Barack Obama made a speech in 2012 in which he made a now-infamous statement: “If you’ve got a business—you didn’t build that. Somebody else made that happen.“
Let’s get the obvious out of the way: this was taken out of context, of course. Indeed, these days context seems to be so malleable and dismissible it’s almost cliché to say sound bites are taken out of context. But I digress. If you read what he said leading up to this “incendiary” statement, Obama probably should have stated “you didn’t build that alone.”
One missing word can change so much. One missing word, and his detractors had a field day claiming Obama was anti-business, anti-entrepreneur, and anti-capitalist. Actually, they probably would have criticized him even if he had included the word “alone.”
Regardless, Obama’s speech contained an important lesson many of us tend to forget: throughout our lives we are all supported by other people, in ways big and small.
Correcting the Cult of the Rugged Individual
In our age of modern convenience, we often delude ourselves into thinking we’re totally self-sufficient. This mindset is an extension of the American mythology of the “rugged individual.” We have long romanticized the image of the self-made man, who achieves great things with no apparent help from others.
There is a fundamental error at work here, born of a myopic view of success that has long plagued our society. As I mentioned earlier, human beings can all-too-easily lose sight of context. When we fixate on a person and their achievements, we often overlook or forget the context of that individual’s life history. In general, successful people have spent years of effort to achieve their eventual success. The “overnight success” is just as fallacious as the rugged individual.
Remember to celebrate the ruggedness of your own ambition, and also recognize the vital people who helped you build your “that,” whatever it may be.
Let me be clear: I believe we must respect the rights and agency of individuals. I also believe it is up to each of us to take the initiative in our own lives to accomplish our goals. We shouldn’t depend on anyone else to do the hard work on the path to success. We all need to take personal responsibility and exercise some ambition to obtain the results we want in life.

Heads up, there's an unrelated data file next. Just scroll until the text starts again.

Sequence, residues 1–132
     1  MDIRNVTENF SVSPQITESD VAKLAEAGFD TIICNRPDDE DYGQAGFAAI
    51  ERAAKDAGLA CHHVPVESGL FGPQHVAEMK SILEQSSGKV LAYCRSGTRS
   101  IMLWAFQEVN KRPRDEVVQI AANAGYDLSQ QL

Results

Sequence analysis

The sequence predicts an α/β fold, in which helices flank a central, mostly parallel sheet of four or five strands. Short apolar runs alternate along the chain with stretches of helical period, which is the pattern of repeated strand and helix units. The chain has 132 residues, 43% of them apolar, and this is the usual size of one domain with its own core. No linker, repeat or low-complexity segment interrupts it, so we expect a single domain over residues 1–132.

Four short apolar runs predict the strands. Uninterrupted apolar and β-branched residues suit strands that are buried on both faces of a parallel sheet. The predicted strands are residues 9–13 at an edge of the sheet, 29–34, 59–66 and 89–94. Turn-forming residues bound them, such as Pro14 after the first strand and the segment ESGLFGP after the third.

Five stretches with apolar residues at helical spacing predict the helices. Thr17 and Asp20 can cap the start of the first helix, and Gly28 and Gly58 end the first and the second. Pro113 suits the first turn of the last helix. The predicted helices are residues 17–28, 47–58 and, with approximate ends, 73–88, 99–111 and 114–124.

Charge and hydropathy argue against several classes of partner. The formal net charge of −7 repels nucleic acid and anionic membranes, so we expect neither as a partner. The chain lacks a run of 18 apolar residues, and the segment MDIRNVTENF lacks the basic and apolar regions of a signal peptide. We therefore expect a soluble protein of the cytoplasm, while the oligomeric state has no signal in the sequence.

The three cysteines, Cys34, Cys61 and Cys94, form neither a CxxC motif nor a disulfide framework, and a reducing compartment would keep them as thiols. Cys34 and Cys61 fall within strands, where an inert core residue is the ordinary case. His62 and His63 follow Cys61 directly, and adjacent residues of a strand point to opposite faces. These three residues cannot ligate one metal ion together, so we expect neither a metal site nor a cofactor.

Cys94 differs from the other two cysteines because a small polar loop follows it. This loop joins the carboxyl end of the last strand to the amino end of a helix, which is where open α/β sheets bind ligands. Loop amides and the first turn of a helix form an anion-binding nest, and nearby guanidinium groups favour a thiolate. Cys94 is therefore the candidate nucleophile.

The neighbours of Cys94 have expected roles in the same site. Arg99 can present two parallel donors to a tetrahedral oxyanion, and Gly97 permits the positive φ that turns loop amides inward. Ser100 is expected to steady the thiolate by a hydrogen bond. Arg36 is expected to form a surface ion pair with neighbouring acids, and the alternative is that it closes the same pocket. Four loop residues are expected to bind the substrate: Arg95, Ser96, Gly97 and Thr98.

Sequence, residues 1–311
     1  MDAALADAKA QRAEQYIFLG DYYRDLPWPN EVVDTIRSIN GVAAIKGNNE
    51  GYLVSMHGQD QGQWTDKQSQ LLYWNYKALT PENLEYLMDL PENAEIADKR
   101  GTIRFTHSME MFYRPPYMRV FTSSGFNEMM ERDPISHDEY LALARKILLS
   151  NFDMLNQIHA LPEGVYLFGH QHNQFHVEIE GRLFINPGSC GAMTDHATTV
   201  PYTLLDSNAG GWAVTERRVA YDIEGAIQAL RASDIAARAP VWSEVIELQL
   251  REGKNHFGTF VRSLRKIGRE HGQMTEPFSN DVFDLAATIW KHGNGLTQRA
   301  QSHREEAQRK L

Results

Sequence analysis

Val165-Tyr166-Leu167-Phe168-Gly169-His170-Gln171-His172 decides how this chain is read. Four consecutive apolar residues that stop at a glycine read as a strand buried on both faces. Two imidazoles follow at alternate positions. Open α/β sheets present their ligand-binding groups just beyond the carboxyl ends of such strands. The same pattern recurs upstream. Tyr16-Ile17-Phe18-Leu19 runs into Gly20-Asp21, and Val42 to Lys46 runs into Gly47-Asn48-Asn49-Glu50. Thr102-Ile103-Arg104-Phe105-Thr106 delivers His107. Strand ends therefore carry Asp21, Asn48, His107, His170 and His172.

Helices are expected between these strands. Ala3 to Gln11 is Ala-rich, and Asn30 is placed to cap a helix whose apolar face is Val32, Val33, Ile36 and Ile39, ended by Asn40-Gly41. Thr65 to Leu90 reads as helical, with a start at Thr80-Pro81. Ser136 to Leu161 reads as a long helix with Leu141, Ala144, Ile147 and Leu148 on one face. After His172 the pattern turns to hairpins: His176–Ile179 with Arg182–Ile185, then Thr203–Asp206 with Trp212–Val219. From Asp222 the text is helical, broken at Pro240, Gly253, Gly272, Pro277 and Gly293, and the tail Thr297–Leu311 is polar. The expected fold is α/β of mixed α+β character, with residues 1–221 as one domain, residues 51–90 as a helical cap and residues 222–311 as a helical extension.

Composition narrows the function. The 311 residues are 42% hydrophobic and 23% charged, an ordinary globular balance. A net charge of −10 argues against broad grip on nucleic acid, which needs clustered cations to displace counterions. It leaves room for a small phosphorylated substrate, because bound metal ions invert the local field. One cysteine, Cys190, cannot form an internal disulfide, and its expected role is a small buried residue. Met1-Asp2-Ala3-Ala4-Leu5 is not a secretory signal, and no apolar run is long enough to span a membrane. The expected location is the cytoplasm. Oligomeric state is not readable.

However, we are long overdue for a clarification of what it really means to be a rugged individual. We need to stop believing in larger-than-life superbeings who miraculously arrive on the scene solo and are instantaneously famous because they’re “a genius.”
The Self-Motivated Man
When we see people who we consider “self-made,” they are actually “self-motivated.” They have pushed themselves beyond their comfort zones. They have worked long and hard on making their goals a reality. They have dragged themselves out of the human inclination toward comfort and conformity, in order to strive and bring their dreams to life.
But even the most motivated individual needs help. Take a moment to think about your own life, and who helped you along the way. Really concentrate on what others have done for you, and how it changed your life for the better. While you’re at it, think about how you’ve helped others as well.
If it helps, here are some things to consider:
- Who was the parent, teacher, high school principal, etc. who believed in your dreams right along with you?
- Who was the banker that loaned you the money to help you start a business?
- Who were the customers who paid you for your goods or services?
- Who were the employers who took a chance on you when you had no experience to justify getting hired?
- Who was the tow truck driver who got you and a broken-down car to the nearest garage?
- Who were all these people? They were your support system. Even if it was for a few moments in time, they were your helpers.
Yes, you can be rugged, which we can translate as being “resilient.” Ruggedness can also be described as grit, the cultivatable ability to persevere over the long-term. But even the most rugged of individuals can’t achieve everything alone.
So, remember to celebrate the ruggedness of your own ambition, and also recognize the vital people who helped you build your “that,” whatever it may be.
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